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James E Avatar
James E Silver Member Jimmy Campbell
Bedford, Va, USA   USA
When I was trying to figure what was going on with me gen. I followed all the Lucas testing procedures and at one point at 3k rpm my gen. was putting out 46 volts, this was with out the regulator. Ended up I needed to clean all of my contact points. All good now.

tomster Avatar
tomster Tom Dunbar
Annapolis, Maryland, USA   USA
I ordered and received a new generator from Victoria British. I'm planning on putting it in tomorrow but am wondering
if I should test the voltage regulator (control box) as well? I've been watching video's on these and might do some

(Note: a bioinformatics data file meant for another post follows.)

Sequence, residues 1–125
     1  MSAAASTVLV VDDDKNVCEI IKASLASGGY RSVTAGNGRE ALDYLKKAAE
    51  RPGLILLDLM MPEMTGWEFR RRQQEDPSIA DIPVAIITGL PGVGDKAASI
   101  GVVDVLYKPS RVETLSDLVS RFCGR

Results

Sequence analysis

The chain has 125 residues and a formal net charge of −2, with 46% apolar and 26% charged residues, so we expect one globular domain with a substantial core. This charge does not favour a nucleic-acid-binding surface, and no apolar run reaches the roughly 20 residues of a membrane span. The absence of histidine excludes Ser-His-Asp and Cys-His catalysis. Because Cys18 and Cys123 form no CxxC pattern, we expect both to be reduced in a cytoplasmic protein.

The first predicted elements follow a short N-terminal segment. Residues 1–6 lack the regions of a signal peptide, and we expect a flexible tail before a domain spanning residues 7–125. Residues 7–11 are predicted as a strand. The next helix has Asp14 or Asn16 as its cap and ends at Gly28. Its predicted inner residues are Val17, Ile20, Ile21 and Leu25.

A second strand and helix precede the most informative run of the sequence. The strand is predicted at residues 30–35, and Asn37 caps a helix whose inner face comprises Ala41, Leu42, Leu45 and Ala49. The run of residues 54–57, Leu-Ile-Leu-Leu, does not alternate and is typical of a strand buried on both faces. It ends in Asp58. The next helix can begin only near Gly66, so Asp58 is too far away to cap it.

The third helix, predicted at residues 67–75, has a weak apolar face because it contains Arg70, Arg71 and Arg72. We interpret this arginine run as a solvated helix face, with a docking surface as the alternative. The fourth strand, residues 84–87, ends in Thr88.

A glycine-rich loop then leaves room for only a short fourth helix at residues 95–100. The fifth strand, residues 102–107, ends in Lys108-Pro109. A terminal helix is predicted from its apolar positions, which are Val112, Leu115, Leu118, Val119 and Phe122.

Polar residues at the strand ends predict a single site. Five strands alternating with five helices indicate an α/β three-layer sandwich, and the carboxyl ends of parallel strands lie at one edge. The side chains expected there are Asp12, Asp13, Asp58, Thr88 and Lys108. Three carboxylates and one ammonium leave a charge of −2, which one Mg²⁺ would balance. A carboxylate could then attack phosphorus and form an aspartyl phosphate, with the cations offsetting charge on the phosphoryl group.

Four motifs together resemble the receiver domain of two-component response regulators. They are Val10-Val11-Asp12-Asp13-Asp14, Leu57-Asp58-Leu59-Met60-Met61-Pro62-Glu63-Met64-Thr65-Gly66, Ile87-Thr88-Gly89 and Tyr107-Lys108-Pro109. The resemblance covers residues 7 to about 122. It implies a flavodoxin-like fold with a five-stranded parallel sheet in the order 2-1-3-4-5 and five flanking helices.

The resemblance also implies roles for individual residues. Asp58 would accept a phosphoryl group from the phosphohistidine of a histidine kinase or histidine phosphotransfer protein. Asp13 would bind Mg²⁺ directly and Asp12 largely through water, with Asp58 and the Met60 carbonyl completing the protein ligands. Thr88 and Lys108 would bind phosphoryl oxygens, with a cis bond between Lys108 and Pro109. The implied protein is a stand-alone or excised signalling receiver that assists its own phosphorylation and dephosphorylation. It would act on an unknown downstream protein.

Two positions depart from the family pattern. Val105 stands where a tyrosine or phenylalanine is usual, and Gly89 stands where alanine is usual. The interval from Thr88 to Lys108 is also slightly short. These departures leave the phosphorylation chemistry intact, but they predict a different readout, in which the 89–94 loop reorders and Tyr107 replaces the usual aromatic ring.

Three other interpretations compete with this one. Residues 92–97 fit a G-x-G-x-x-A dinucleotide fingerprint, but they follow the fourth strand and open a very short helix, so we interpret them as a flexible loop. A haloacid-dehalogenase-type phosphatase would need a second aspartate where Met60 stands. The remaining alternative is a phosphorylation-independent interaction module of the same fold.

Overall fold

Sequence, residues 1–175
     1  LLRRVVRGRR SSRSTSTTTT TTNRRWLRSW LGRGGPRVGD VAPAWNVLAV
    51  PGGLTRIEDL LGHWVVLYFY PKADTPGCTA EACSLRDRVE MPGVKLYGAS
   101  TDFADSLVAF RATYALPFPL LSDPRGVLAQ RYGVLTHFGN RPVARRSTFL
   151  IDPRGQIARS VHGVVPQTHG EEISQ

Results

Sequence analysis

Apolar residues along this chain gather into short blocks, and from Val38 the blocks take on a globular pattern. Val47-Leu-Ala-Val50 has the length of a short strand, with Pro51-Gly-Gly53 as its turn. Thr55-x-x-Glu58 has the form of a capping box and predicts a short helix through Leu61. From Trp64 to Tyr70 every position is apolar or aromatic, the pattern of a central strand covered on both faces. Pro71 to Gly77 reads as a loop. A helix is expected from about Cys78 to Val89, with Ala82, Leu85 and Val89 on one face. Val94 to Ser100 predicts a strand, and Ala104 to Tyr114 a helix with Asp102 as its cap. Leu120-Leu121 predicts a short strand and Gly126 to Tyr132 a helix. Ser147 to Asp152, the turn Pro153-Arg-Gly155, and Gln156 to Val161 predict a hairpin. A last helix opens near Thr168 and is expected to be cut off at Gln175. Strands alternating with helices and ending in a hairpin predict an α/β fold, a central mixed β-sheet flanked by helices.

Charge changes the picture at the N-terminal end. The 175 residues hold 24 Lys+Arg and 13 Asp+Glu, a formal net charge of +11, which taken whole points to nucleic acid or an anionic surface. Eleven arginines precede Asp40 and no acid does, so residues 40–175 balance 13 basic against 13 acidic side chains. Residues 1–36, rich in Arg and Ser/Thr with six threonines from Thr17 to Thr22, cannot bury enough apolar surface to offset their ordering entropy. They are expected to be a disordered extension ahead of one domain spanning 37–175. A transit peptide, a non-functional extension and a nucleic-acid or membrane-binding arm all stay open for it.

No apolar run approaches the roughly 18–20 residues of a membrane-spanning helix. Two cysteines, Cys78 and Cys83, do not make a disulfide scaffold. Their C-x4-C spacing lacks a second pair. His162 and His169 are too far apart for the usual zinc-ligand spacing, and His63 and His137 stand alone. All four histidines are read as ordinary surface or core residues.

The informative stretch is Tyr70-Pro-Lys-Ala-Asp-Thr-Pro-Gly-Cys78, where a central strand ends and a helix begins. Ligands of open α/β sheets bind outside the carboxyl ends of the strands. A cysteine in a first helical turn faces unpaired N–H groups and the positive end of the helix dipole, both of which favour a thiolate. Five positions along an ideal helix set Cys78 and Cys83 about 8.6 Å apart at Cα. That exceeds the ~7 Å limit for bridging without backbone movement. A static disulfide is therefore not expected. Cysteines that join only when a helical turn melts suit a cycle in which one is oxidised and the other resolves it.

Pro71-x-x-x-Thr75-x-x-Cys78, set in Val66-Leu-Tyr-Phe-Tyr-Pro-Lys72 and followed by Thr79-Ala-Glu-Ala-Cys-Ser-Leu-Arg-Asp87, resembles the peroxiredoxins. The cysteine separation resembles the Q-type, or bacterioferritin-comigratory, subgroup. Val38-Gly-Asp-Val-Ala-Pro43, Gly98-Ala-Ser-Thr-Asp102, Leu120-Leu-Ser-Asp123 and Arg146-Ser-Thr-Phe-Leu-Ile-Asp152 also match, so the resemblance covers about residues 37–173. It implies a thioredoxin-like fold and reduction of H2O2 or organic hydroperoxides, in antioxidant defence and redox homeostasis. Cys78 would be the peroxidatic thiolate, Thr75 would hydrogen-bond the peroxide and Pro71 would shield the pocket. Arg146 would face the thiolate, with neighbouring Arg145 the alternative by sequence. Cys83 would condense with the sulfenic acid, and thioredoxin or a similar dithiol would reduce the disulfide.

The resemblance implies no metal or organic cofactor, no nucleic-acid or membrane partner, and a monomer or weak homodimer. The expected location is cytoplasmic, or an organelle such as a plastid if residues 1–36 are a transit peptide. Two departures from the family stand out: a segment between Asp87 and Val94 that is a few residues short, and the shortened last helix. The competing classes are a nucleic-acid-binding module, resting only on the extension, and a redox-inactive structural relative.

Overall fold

maintenance on it but also I like adhering to the adage 'If it ain't broke, don't fix it'. So perhaps to keep it simple if I
replace the generator, wire it all up and take the car for a test ride, would observing the Ammeter be enough to tell if
everything is good?

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TR3driver Randall Y
Confusion, Los Angeles, USA   USA
I would still run through the tests. Among other things, there is a good chance that the control box caused the generator to fail.

Armatures (commutator mostly) do wear out, but in my experience the most common failure mode is overheating caused by a misadjusted control box.
Back in the day, some .mechanics would insist on replacing both at the same time, because of the chance that one was causing the other to fail.

Also, this system is pretty marginal to begin with. If it is not working at top form, you are likely going to have problems down the road.